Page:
The city of Lowell is situated at the confluence of two prominent New England rivers, the Merrimack River and the Concord River. The Merrimack River originates in the White Mountains of New Hampshire and empties into the Atlantic Ocean in Newburyport, MA. The Merrimack has a watershed of about 5,000 square miles. The Concord River is a major tributary of the Merrimack River. It has a watershed of about 360 square miles entirely within the state of Massachusetts. The Concord is formed by the confluence of the Sudbury and Assabet Rivers in Concord, Massachusetts. Native Americans named the Concord "Musketaquid" or "Grass-ground River", because of its broad flat flood plain and extensive wetlands. The Great Meadows National Wildlife Refuge is located along the Concord.
When the Concord River reaches Lowell its character changes dramatically, as it drops 50 feet over three sets of waterfalls in a one-mile reach. Its presence in Lowell is largely unnoticed, however, because it is hidden from view in people’s backyards and behind buildings. Bridges crossing the Concord offer only limited views of the most tranquil sections. You can check the current flow rates on the Concord River here: U.S.G.S. Concord River Flow Gauge
The Lowell Parks & Conservation Trust has focused programs and projects on the Concord River in Lowell as a means of reconnecting people to the broader environment and their place within the watershed. (Also see "Bedrock, Bricks, and Rock Doves: The Natural History of Lowell, Massachusetts; an exhibit by the Lowell Parks & Conservation Trust.) Our activities include spring Concord River Whitewater Rafting trips, creation of the Jollene Dubner Park, the Concord River Greenway Park, participation in the U.S. Fish and Wildlife Service's River Herring/Alewife Restoration Program, and partnership with the Bay Circuit Alliance’s Bay Circuit Trail. We also sponsored an ecological survey performed by the Massachusetts Audubon Society. A copy of their report can be requested from us on the Contact Us page. A brief history brochure about the Concord River neighborhood in Lowell is also available here.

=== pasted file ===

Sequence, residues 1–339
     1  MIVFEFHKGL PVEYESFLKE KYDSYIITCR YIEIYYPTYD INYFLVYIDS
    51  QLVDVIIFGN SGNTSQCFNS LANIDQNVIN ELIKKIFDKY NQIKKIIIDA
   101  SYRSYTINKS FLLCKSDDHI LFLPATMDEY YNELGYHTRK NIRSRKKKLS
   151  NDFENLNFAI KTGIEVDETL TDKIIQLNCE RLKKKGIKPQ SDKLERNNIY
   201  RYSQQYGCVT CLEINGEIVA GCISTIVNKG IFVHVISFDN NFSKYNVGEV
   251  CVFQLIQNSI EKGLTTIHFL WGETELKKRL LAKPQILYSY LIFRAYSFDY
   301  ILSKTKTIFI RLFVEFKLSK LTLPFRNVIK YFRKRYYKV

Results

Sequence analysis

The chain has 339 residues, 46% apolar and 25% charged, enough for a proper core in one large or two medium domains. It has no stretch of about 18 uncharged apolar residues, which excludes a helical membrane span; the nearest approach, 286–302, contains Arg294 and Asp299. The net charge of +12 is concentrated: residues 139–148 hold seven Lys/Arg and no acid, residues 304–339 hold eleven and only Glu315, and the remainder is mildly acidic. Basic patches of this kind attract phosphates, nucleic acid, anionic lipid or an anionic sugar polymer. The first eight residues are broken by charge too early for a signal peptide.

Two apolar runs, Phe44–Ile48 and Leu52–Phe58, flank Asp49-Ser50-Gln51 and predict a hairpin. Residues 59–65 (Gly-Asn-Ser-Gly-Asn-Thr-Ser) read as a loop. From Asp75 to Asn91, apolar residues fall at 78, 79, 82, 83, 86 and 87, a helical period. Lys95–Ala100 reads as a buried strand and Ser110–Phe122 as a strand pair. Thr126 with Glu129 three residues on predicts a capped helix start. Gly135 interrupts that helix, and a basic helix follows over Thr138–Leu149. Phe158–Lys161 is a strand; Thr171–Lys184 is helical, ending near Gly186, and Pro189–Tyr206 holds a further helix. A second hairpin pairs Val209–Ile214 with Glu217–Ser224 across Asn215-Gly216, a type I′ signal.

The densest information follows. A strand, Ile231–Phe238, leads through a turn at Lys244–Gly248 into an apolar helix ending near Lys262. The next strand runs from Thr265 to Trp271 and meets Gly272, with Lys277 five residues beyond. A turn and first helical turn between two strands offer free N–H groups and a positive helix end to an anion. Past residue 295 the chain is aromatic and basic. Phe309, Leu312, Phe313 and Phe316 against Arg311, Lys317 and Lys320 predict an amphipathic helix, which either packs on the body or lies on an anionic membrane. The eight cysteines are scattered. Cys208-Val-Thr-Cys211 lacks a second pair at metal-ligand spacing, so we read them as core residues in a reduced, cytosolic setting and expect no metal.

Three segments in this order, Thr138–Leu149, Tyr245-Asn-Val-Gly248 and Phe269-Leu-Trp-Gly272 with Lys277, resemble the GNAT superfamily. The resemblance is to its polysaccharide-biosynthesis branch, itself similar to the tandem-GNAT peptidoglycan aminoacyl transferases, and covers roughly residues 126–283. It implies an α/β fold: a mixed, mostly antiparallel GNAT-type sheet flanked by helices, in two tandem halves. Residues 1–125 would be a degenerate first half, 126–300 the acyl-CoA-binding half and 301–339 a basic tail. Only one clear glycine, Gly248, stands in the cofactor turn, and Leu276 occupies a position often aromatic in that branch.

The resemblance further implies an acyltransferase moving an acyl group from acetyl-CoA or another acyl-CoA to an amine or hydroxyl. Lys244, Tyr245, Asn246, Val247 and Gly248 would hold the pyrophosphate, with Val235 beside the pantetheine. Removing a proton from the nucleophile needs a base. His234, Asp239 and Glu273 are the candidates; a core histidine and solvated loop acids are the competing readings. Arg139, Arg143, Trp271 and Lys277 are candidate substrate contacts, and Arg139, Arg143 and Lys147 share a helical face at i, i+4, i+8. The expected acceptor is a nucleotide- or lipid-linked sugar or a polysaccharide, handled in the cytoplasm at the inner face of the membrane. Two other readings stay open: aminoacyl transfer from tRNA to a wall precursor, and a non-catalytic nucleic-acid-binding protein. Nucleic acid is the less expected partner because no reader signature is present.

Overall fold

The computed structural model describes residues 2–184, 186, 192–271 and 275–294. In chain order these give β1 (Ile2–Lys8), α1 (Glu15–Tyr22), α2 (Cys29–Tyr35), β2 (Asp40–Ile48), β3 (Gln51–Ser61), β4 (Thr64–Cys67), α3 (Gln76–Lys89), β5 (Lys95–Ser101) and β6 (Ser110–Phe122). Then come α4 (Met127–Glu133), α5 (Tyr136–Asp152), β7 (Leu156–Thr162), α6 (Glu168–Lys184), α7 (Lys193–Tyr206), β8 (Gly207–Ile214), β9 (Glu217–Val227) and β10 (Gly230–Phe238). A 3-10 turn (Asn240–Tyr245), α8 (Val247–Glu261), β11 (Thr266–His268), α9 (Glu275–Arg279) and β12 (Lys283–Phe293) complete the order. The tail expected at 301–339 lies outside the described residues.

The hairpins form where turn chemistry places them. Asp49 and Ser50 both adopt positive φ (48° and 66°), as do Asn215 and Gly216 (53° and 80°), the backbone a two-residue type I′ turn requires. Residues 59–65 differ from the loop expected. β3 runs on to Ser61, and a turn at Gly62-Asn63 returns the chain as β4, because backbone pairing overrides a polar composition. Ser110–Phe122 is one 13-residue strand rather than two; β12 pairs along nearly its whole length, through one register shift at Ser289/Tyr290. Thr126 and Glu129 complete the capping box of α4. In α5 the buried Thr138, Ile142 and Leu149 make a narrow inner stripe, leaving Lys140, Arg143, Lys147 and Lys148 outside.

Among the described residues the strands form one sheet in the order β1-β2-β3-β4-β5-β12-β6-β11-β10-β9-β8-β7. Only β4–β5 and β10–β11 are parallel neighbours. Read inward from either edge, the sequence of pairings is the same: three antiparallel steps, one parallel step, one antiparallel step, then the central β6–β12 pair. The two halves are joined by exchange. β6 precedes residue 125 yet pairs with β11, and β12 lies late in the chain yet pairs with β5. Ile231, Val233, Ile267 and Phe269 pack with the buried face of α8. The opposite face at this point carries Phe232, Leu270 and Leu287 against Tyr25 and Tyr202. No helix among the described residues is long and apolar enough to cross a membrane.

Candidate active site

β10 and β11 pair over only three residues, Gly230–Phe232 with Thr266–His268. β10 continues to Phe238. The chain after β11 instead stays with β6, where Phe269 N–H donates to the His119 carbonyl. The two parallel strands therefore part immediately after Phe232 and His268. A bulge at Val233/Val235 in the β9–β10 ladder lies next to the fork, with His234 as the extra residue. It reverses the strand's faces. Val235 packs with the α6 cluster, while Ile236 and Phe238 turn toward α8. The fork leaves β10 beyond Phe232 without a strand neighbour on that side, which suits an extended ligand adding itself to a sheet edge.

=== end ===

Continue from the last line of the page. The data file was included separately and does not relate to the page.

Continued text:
For more Concord River history and science, see our Concord River Greenway Classroom [supplemental] web site here.
Every spring the Concord River belies its tranquil name and turns into a mass of rolling foam waves to form Class III and IV whitewater through the city of Lowell. The Lowell Parks & Conservation Trust takes advantage of this spring phenomenon to offer one of the most unique whitewater rafting trips in the country. Lead by expert guides from Zoar Outdoor, participants navigate twice through three sets of rapids, “Twisted Sister”, “Three Beauties”, and “Middlesex Dam(n)”, on a one mile reach through the heart of the city.
The Concord River drops 50 vertical feet through the city of Lowell and it is the location of the earliest mill sites in the area. Rafting trips on the river conclude by being lifted up (ascending) 17 feet through an 1850s lock chamber (Lower Locks of the Pawtucket Canal) which is a National Historic Landmark located in both the Lowell Heritage State Park and Lowell National Historical Park. Our Concord River Whitewater Rafting trips received a 1997 "Best of Boston Award" for the best urban adventure in greater Boston.